RV Golfer

Why the new 2019 golf rules are a welcome blessing for recreational golfers

Golf is an evolving game and the rules of golf are about to undergo massive changes as of January 1, 2019.

Golfer trying to hit ball in the midst of a field of rocks.
The new golf rules will no longer penalize you for accidentally moving your ball when searching for it in the rough. — Photo courtesy Dennis Begin

Golf is an evolving game and the rules of golf are about to undergo massive changes as of January 1, 2019. The first rules of golf were drafted in 1744, but the modern rules have not been revised since 1984, some 34 years ago. As a result, the United States Golf Association, the governing body of golf in North America, and the Royal and Ancient Golf Club (R&A) of St. Andrews, Scotland, undertook a five year collaborative process to modernize the rules. In total, there were 36 changes that reflect how the game should be played in the future. The rules went from 34 to 24, and include Etiquette, Definitions and The Rules of Play. There will also be a shorter Player’s Edition.

There were three major objectives for creating these new rules:

  • Simplification of the rules to make them easier to understand/apply                                
  • Making the rules less punitive
  • Speeding up the pace of play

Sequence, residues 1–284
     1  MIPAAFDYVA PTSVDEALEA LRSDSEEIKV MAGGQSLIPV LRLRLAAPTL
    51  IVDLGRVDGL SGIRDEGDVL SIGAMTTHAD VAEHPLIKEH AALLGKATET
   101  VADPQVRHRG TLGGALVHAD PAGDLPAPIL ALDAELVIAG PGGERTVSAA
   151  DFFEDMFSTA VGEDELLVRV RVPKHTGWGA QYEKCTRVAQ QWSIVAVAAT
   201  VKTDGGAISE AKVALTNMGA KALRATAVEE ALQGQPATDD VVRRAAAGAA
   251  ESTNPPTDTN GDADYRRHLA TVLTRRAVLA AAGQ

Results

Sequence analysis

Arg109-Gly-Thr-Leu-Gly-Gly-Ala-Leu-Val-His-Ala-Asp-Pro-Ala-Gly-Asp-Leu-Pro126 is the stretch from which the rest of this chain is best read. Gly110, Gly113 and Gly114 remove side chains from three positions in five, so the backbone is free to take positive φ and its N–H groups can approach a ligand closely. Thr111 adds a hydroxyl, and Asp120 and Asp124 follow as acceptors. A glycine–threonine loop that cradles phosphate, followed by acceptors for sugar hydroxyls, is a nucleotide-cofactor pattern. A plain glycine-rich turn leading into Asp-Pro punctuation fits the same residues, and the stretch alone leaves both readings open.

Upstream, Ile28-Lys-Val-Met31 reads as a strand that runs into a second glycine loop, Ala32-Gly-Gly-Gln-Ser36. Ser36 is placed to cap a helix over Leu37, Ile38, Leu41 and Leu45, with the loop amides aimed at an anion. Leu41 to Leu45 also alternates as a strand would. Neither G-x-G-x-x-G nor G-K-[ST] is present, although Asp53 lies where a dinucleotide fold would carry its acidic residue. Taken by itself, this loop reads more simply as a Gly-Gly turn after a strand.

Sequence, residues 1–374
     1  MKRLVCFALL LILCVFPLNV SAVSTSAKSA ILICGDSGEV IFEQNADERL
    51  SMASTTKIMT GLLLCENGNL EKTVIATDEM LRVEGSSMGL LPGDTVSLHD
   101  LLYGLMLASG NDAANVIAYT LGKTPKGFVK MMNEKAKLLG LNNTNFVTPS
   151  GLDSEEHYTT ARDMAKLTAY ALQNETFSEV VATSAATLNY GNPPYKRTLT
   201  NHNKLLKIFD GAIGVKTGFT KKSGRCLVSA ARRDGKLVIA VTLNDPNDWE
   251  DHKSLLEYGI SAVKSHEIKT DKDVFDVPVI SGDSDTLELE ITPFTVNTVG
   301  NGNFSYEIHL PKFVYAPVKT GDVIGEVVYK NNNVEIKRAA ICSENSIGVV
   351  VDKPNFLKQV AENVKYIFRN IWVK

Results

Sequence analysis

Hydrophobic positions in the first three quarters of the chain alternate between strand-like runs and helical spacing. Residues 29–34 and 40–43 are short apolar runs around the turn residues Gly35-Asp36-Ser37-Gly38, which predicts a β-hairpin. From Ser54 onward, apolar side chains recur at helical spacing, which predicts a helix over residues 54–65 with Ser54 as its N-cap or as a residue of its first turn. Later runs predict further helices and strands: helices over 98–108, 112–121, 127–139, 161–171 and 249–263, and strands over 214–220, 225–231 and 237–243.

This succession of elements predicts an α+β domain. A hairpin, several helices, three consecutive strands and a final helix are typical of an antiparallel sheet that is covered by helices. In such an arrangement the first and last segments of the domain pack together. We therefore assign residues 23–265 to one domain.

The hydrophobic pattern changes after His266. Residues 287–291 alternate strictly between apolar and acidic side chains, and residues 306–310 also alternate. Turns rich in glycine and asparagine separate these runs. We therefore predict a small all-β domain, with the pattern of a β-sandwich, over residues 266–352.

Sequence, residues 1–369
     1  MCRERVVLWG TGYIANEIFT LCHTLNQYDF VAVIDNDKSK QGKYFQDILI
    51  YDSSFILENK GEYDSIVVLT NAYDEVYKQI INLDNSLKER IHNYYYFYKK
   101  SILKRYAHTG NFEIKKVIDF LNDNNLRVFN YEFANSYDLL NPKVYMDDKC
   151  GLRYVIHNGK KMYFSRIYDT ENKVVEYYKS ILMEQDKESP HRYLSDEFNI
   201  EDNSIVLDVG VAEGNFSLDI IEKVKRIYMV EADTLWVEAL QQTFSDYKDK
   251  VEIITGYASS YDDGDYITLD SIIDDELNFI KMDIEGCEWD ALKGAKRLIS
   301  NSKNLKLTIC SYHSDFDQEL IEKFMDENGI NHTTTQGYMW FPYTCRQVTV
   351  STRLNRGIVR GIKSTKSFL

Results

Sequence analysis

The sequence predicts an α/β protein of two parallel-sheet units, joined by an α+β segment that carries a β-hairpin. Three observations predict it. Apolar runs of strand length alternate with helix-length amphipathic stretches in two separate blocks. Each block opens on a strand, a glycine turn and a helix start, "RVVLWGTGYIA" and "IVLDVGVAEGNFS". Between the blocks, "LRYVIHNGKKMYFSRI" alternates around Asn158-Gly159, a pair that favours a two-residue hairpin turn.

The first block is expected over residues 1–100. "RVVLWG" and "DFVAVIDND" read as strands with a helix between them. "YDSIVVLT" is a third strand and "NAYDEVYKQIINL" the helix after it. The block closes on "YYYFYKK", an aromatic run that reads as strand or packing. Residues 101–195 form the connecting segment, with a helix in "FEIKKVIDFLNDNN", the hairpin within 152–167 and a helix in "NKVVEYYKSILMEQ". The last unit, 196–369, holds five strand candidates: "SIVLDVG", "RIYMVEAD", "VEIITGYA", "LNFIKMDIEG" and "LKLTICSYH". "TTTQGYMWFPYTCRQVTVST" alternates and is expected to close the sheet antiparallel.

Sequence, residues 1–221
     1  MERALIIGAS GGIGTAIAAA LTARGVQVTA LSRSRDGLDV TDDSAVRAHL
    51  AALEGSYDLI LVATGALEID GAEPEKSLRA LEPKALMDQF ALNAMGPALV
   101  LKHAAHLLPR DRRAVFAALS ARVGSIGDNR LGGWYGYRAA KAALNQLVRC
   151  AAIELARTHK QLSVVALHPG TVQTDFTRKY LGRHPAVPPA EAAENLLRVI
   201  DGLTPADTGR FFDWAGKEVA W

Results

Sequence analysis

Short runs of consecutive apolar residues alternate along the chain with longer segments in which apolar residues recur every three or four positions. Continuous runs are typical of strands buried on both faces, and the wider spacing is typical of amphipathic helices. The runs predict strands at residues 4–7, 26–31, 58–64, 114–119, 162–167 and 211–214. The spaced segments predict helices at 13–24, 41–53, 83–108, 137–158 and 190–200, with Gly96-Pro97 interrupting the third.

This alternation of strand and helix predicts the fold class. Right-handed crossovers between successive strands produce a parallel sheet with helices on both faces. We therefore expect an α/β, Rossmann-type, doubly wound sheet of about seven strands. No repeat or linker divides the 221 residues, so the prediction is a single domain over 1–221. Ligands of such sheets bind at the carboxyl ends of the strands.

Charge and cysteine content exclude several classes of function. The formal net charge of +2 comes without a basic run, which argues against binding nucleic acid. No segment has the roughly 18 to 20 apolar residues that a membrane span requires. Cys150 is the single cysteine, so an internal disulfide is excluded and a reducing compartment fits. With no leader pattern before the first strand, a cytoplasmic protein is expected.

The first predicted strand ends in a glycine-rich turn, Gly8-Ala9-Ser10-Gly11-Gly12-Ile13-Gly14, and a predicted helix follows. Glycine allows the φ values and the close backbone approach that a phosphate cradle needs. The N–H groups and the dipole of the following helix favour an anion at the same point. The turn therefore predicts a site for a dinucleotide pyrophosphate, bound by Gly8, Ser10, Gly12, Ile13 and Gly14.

The criticism of golf is that the game is too difficult, too expensive and too time-consuming. As for the old rules, they are confusing and open to interpretation. The new rules should help speed up the game, something all golfers want. In addition, many of the new rules reflect how the average recreational golfer already plays the game, ignoring rules that seem unfair and trivial. 

Some of the major rule changes include:

  • Searching for a lost ball goes from five minutes to three minutes. 
  • If a ball becomes plugged, other than in a sand trap, the ball can be removed and cleaned without penalty.  Drop in the general area but no closer to the hole.
  • Golf balls do not have to be dropped from the shoulder, but from the height of the knee.
  • Double ball hits are only counted as one stroke. 
  • The flag can be left in the hole while sinking a putt.   
  • Spike marks or animal marks on the green can now be repaired. 
  • No penalty for a ball or ball marker that moves by itself on the green—just put it back.
  • No penalty for removing loose impediments in a bunker/relief area, or accidently touching the sand with your hand or club. 
  • Play “ready golf,” taking only 40 seconds to address and hit the ball.  
  •  No penalty for accidentally moving your ball when searching for it in the rough—just replace the ball.
  •  If a ball is in motion and comes back to hit the golfer or equipment, there is no penalty. 
  •  A new ball can be substituted without penalty when taking relief. 
  •  GPS measuring devices are allowed on the course, unless forbidden by local club rules.  
  •  You can touch the line of the putt with your putter.